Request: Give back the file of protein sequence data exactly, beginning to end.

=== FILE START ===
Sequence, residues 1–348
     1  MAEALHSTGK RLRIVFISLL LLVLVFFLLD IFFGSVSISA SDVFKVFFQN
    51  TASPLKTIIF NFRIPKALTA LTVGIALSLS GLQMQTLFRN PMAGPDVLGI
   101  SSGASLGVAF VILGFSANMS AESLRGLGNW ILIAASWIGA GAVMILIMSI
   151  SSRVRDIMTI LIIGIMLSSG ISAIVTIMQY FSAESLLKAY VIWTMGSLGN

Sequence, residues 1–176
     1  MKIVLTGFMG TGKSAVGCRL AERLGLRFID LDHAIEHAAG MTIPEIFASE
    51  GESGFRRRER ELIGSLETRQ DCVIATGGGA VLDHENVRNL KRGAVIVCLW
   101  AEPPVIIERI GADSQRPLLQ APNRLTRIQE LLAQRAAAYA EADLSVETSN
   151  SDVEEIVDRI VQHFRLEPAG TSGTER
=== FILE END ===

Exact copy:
Sequence, residues 1–348
     1  MAEALHSTGK RLRIVFISLL LLVLVFFLLD IFFGSVSISA SDVFKVFFQN
    51  TASPLKTIIF NFRIPKALTA LTVGIALSLS GLQMQTLFRN PMAGPDVLGI
   101  SSGASLGVAF VILGFSANMS AESLRGLGNW ILIAASWIGA GAVMILIMSI
   151  SSRVRDIMTI LIIGIMLSSG ISAIVTIMQY FSAESLLKAY VIWTMGSLGN

Sequence, residues 1–176
     1  MKIVLTGFMG TGKSAVGCRL AERLGLRFID LDHAIEHAAG MTIPEIFASE
    51  GESGFRRRER ELIGSLETRQ DCVIATGGGA VLDHENVRNL KRGAVIVCLW
   101  AEPPVIIERI GADSQRPLLQ APNRLTRIQE LLAQRAAAYA EADLSVETSN
   151  SDVEEIVDRI VQHFRLEPAG TSGTER